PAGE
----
Functional Diversity and Composting

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Science  05 Nov 2004:
Vol. 306, Issue 5698, pp. 937
DOI: 10.1126/science.306.5698.937h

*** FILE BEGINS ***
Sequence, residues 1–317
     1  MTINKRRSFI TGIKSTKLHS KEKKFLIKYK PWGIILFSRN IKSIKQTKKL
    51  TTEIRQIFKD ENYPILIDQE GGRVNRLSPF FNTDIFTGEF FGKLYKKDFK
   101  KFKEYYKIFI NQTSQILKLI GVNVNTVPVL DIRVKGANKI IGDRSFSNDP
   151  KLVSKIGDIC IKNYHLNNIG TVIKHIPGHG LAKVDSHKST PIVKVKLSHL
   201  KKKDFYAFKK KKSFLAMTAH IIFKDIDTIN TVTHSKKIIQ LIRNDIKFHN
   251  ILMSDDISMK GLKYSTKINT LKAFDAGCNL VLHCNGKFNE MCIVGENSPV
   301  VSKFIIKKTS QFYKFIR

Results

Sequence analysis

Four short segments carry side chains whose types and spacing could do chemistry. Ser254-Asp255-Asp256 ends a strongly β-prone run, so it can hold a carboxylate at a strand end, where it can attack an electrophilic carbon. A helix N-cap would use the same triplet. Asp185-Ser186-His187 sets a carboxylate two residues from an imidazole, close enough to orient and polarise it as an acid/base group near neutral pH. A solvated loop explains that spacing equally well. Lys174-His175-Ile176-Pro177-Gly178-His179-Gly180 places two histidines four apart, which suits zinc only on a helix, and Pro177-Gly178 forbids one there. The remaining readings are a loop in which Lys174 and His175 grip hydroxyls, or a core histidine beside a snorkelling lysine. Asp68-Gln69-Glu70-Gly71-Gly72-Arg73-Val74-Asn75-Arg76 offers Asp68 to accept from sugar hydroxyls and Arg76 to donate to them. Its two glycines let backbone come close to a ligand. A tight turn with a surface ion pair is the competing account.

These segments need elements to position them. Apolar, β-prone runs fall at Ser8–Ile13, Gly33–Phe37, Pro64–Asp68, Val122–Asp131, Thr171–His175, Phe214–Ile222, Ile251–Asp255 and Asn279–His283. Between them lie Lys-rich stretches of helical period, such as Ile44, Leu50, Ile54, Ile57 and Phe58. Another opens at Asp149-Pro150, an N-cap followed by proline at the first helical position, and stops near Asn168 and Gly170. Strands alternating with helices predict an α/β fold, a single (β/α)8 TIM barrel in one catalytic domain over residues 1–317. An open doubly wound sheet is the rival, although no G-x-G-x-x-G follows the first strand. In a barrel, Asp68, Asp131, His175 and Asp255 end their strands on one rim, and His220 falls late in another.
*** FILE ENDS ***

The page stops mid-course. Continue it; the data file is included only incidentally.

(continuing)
The relation between species diversity and ecosystem functioning has been keenly debated. As well as the absolute number and relative abundance of species, the functional dissimilarity of the species in a community may influence the overall functioning of an ecosystem. Heemsbergen et al. (p. 1019) filled tubes with soil, topped them with alder leaves, and added combinations of different numbers of species of annelids, isopods, and millipedes. They then tracked three “ecosystem function” variables over subsequent weeks. The number of species per se did not determine assemblage performance, but functional groups were the key to performance: The more dissimilar in function its members, the better the assemblage at decomposing the leaves.

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